Along with the good news on Friday that the EU would allow short-term visa-free travel to British citizens in the event of a No-Deal Brexit, as long as this is reciprocal, there was an unpleasant surprise for Gibraltar. The draft EU document stated this would not cover British overseas territories citizens who have acquired their citizenship from a connection with Gibraltar, although chief minister Fabian Picardo later pointed out that this will not affect Gibraltarians because they are full British citizens in their own right.
A footnote to the text, added at the behest of Spain, says: “Gibraltar is a colony of the British Crown. There is a controversy between Spain and the United Kingdom concerning the sovereignty over Gibraltar, a territory for which a solution has to be reached in light of the relevant resolutions and decisions of the General Assembly of the United Nations.”
The UK and Gibraltar governments were quick to point out that Gibraltar is no longer a ‘colony’, with prime minister Theresa May saying that to describe it as such is “completely unacceptable”. In a statement headed “Gibraltar’s legal status is a matter of fact, not opinion,” the Gibraltar government pointed out that the relationship with the United Kingdom nowadays is that of a partnership and is no longer colonial in nature.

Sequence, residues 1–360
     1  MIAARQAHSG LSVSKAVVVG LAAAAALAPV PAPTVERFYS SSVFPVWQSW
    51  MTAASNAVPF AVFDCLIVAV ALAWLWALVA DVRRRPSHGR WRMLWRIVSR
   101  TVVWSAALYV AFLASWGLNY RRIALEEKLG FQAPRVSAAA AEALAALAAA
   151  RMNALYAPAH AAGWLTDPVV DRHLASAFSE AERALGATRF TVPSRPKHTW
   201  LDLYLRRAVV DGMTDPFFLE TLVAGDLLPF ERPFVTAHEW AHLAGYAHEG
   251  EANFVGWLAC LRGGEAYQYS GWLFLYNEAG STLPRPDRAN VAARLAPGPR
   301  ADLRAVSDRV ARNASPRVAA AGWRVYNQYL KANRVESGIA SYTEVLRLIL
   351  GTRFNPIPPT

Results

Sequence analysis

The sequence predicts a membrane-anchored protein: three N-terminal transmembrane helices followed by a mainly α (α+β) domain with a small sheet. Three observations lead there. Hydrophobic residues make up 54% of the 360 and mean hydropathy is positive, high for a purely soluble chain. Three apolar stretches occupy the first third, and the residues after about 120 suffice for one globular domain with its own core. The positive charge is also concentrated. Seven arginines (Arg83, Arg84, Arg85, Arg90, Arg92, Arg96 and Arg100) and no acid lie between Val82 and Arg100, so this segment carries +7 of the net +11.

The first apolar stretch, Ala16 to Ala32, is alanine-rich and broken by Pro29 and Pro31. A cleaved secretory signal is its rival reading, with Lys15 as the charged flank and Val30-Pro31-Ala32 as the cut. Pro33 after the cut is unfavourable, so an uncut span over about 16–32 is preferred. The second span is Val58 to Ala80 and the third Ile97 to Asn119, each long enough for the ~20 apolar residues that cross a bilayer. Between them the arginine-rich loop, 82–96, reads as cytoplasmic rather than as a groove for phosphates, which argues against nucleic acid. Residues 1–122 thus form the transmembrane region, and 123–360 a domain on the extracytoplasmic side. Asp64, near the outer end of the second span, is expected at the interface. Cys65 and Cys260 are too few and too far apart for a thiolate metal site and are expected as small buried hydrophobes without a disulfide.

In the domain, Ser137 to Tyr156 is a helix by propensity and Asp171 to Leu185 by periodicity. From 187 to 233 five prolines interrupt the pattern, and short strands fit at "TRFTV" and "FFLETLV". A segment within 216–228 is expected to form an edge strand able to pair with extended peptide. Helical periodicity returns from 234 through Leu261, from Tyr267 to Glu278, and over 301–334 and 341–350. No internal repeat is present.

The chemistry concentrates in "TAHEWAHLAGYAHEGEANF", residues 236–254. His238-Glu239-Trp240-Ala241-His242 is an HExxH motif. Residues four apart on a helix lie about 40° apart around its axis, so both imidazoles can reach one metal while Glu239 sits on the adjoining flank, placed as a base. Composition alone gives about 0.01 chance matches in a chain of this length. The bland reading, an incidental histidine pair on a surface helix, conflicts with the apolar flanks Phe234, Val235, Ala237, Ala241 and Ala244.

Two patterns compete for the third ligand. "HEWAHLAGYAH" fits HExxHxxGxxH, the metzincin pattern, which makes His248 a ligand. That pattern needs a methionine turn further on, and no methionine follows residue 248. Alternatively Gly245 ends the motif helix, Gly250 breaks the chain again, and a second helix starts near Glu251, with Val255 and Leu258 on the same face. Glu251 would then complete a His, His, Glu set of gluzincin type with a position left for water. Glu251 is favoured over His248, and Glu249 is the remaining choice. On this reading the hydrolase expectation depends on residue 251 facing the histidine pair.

The British Overseas Territory is still featured on the UN’s list of non-self-governing territories, but the authorities in the UK and Gibraltar insist that this is an anachronism and that it should be removed. Every year Gibraltar attends the UN Committee of 24 to ask for this to be done, but it is continually blocked by Spain.
“The irony is that it is Spain itself that is keeping Gibraltar on the UN list and then using our presence there to label Gibraltar as a colony”, said the statement.
In a TV interview chief minister Fabian Picardo said this wording would have no practical effect on Gibraltar leaving the European Union, or its sovereignty, but he described it as futile, unnecessary and provocative. “This is totally out of place in the modern Europe of today,” he said.